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Holland Urban Legends

The recognition of urban legends as a modern folklore genre in Holland had its beginning with the 1978 publication of a collection titled Broodje aap: De folklore van de post-industriĆ«le samenleving (Monkey Burger: Folklore of the Post-Industrial Society) compiled by Ethel Portnoy, an American living in the Netherlands. Portnoy, as she explained in the preface, had heard the stories in the United States, France, and England, as well as in the Netherlands; even the title story, she admitted, was told to her in the Bronx, New York. According to this account, when trucks entering and leaving een hot-dog fabriek (a hotdog factory) collided, it was discovered that the bodies of zoo animals—gorillas, monkeys, and bears—were being turned into hot dogs.


The American source of her version of this contamination legend did not stop the Dutch from adopting the term broodje aap as a generic label for urban legends. A “Monkey Burger story” became such a common concept in the Netherlands that since 2005 it has to be officially spelled as one word: broodjeaapverhaal. Portnoy’s book went into six printings before appearing in a revised and expanded edition in 1980, followed in 1992 by Broodje aap met (Monkey Burger with Mayo). Portnoy’s emphasis, as can be appreciated easily just from her books’ illustrations, was on the gruesome and the sexy, with such familiar legends included as “Spiders in the Hairdo,” “The Hook,” “The Decapitated Cyclist,” “The Nude Surprise Party,” and “The Stuck Couple.”

A broader selection of urban-legend themes was represented in the collection of broodjeaap stories published in 1992 by the Dutch writer and publicist Peter Burger of Leiden. His title story in De wraak van de kangoeroe: Sagen uit het moderne leven (The Kangaroo’s Revenge: Legends from Modern Life) is easily recognized as a variation of “The Kangaroo Thief,” in this instance involving Dutch tourists in Australia.

Burger’s book contained a good cross-section of urban stories told in Holland and attributed to een vriend van een vriend (a friend of a friend) along with sources, comparative notes, and a bibliography. Besides such international favorites as “The Microwaved Pet,” “The Hook,” and “Superhero Hijinks,” the book contains some legends that seem more specifically Dutch, or at least European, including “Het wandelende dekbed” (“The Contaminated Comforter”). Burger’s concise text of “Old versus Young,” titled Parkeerproblemen (Parking Problems), can probably be understood—even when quoted in Dutch—if one knows that the two quoted remarks are those of the drivers of a small versus a large automobile following the usual crashing dispute over a parking place:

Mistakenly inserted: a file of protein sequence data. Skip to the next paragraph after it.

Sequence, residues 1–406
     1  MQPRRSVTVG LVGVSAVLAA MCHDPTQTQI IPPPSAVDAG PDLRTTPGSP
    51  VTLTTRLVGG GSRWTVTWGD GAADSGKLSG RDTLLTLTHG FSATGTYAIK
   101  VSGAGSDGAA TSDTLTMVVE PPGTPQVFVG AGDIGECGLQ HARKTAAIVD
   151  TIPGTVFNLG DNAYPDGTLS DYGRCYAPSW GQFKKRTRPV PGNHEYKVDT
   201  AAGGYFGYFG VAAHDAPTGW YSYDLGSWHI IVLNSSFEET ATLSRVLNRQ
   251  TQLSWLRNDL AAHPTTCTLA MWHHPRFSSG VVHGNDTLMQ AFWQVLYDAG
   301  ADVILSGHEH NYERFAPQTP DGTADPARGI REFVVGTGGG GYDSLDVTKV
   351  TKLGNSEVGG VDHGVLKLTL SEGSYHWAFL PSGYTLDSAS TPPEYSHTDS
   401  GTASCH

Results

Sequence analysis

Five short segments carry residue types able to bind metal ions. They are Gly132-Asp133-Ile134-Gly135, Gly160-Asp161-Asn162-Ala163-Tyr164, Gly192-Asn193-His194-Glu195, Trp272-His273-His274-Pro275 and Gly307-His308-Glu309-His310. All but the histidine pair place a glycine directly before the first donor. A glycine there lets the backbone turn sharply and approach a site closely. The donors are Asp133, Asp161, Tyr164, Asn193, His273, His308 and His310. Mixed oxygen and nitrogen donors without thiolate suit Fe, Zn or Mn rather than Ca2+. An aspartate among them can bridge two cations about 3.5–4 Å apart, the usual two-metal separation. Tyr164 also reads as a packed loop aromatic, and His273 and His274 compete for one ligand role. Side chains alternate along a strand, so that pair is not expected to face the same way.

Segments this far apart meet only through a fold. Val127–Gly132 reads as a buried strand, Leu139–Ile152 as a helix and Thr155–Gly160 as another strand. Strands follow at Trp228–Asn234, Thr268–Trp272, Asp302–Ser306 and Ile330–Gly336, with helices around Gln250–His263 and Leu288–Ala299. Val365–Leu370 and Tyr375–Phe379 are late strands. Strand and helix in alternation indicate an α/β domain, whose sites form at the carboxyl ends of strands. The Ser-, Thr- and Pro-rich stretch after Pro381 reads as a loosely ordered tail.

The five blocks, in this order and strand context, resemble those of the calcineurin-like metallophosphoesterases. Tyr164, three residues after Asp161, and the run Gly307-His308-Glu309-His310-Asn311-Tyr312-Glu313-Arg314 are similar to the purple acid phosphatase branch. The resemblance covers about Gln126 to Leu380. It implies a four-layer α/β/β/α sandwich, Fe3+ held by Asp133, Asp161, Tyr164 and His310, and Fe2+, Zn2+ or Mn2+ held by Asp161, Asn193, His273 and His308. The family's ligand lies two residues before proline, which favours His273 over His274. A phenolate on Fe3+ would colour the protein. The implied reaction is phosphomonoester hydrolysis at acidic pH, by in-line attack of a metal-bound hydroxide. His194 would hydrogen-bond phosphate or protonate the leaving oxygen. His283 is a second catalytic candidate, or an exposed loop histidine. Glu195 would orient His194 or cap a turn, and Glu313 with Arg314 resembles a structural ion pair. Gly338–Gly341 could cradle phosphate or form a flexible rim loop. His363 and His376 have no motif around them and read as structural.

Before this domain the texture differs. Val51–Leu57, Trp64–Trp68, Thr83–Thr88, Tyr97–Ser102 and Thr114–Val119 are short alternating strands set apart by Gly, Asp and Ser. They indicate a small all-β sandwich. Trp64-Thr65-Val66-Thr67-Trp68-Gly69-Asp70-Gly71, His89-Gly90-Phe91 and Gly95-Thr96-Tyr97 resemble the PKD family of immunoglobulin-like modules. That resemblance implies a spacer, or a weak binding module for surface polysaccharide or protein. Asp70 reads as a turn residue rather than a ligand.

Op een volle Amsterdamse gracht glipt een Mini net voor een Rolls-Royce een parkeerplaats in. De bestuurder van de Mini stapt uit en zegt tegen de man in de Rolls: “Dat kun je doen als je een Mini hebt.” Zonder een spier te vertrekken rijdt de bestuurder van de Rolls door en duwt de Mini de gracht in. “En deat kun je doen als je een Rolls-Royce hebt.”

In another Dutch version of the story, “Small versus Big,” the angry owner of a large Mercedes Benz, when beaten to a parking place by a tiny Citroen 2 CV, simply pushes the smaller car into a canal, saying, “This is the advantage of having a big car?”

Peter Burger published a second collection of Dutch urban legends in 1995 titled De gebraden baby (The Roasted Baby), and his third book published in 2006 is called De jacht op de Veluwepoema (The Hunt for the Veluwe Puma). Veluwe is the nature reserve where the phantom puma was spotted). In his latest book, Burger presents another urban legend that may have originated in the Netherlands, one in which a child is bitten to death by a dog, whereupon a policeman is forced to shoot the seemingly mad dog. Later a veterinarian finds that the dog had 17 (or more) staples in his ear so it was “maddened” by the pain caused by its torture.